With the S&P 500 down around 17% year-to-date, savvy investors know that there will be many opportunities to buy stocks on the dip. But not every falling stock is worth buying. Some risky stocks are down for a good reason, and prudent investors are better off steering clear of them even at reduced prices.
Two stocks that look particularly concerning are Planet 13 Holdings (PLNH.F 2.13%) and BlackBerry (BB 0.78%). Their shares are down more than 40% in 2022 -- and despite those discounts, these are stocks you shouldn't be tempted to buy right now.
1. Planet 13
Marijuana producer Planet 13 was a pot stock that I used to be excited about. The company's SuperStore dispensary located on the Las Vegas strip was conveniently located and was a popular tourist attraction; it currently has a 4-star rating on TripAdvisor, and ranks among the top 30 shopping places to visit in the city. The company did well growing its business there and maintained a market share of above 10% in Las Vegas at the end of last year.
However, with the company expanding into California and Florida, it could put a strain on its bottom line. In the Golden State, there's an excess supply of cannabis. At the same time, the Sunshine State is a hotly contested market that already boasts of big names such as Curaleaf Holdings and Trulieve Cannabis, against whom Planet 13 will have to fight for market share. Planet 13 launched a location in Orange County, CA last July, and it's still in the planning stages for its first Florida-based dispensary (it plans to have at least six locations).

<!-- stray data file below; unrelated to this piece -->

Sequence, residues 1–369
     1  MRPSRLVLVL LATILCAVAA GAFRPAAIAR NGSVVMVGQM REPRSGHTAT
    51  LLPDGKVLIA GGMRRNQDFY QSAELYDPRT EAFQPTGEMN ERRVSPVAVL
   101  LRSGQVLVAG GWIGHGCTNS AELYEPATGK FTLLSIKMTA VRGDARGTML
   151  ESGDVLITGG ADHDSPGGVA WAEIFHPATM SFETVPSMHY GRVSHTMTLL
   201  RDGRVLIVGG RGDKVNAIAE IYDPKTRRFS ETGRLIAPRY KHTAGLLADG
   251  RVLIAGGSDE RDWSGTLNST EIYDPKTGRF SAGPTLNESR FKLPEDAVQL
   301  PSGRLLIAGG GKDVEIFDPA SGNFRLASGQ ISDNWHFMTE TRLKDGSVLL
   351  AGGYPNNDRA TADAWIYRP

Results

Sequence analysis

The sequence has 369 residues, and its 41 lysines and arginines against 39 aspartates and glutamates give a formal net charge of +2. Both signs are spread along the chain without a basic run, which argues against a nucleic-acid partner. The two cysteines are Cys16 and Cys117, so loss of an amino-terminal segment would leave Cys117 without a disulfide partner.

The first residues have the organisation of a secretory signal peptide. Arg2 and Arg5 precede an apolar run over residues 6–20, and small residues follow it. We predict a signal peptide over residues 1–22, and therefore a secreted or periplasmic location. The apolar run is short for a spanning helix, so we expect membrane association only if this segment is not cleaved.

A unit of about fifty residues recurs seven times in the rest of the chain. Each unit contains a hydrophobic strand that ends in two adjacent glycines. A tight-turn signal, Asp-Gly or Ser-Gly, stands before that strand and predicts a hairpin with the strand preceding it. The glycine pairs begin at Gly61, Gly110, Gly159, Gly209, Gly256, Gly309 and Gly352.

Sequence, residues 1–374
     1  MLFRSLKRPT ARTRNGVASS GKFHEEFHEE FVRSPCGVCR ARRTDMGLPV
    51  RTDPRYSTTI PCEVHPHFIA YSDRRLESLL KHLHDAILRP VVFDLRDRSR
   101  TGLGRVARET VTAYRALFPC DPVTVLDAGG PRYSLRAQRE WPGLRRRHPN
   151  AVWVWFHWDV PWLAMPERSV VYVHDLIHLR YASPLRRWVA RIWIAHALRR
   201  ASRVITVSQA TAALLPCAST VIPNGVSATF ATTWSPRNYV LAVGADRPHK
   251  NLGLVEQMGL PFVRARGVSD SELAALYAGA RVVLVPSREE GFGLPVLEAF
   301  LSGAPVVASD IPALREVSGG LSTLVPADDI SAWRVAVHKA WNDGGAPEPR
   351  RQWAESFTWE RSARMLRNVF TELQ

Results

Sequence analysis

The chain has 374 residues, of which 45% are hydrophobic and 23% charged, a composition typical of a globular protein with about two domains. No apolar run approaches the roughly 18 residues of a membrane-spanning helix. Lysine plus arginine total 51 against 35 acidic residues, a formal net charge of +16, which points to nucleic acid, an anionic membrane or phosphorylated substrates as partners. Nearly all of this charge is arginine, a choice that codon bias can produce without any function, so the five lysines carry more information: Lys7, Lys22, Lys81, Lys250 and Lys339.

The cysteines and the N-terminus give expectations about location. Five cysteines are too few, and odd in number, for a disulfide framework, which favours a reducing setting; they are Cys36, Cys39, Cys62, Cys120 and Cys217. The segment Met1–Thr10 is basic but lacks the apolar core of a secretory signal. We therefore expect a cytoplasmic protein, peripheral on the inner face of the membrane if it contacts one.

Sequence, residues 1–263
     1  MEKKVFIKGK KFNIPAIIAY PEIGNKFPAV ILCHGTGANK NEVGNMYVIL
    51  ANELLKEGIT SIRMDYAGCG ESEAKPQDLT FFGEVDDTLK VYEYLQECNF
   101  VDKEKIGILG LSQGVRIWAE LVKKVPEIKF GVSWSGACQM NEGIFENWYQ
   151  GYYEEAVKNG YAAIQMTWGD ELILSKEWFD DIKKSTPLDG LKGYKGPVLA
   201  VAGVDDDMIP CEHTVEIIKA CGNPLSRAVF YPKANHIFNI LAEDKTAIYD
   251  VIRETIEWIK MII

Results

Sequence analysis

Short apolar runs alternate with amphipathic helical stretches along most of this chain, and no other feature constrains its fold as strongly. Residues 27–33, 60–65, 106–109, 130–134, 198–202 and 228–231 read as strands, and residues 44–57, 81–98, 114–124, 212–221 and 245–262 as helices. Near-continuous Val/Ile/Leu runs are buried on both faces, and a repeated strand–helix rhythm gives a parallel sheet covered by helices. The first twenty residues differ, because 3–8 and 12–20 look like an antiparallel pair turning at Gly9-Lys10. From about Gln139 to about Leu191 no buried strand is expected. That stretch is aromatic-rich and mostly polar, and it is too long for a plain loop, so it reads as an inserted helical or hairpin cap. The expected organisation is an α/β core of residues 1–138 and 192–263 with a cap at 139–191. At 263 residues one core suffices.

All that expansion could further weigh down its bottom line. Last year, Planet 13's revenue of $119.5 million rose by an impressive 70% year-over-year. But expenses totaling $73.8 million rose at a higher rate, doubling from the $36.5 million that the company incurred in costs in 2020. The only reason the company's pre-tax loss of just under $6 billion in 2021 looked like a big improvement from the prior year, when that number was at a negative $17.9 billion, was because, in the previous year, Planet 13 booked a $16.8 billion loss related to a change in the fair value of its warrant liability. Otherwise, this past year would have looked far worse.
And with costs likely to increase, the deeper the marijuana company looks to penetrate California and Florida, the results could be worse off in the years ahead.
Unlike Planet 13, BlackBerry isn't growing at all. Instead, the tech company is struggling to keep its sales from falling. It reported $718 million in its most recent fiscal year for the period ending Feb. 28. That was a decline of 20% from fiscal 2021 when its top line came in at $893 million. In prior years the company had an excuse for lagging sales: It was transitioning from being a cellphone maker to providing software and enterprise solutions, including cybersecurity. But the company has been rebuilding its business for years, and there still isn't much progress to show for all the changes the company has been undergoing.
In December 2020, the stock surged after news broke that Amazon would be partnering with BlackBerry to work on a collaboration that involved collecting vehicle data using BlackBerry's vehicle data platform (IVY), which would help "create actionable insights" for automakers. A year earlier, BlackBerry announced the acquisition of artificial intelligence company Cylance. It said the move would allow BlackBerry to take "a giant step forward toward our goal of being the world's largest and most trusted AI-cybersecurity company." While there has been promising news and developments surrounding the company, the results have been underwhelming.
As a former investor, I gave up on the stock when the meme hype took off in 2021, sending BlackBerry's stock to valuations I knew it had no business being at. Today I see that not much has changed with the stock. Revenue growth continues to go in the wrong direction. For all the press releases and excitement a company may try to stir up, it's essential for investors to also factor in whether a business has strong financials backing it. If the results can't back up the company's moves, investors should be cautious about just how well management's plans are going. And at BlackBerry, they don't appear to be going well.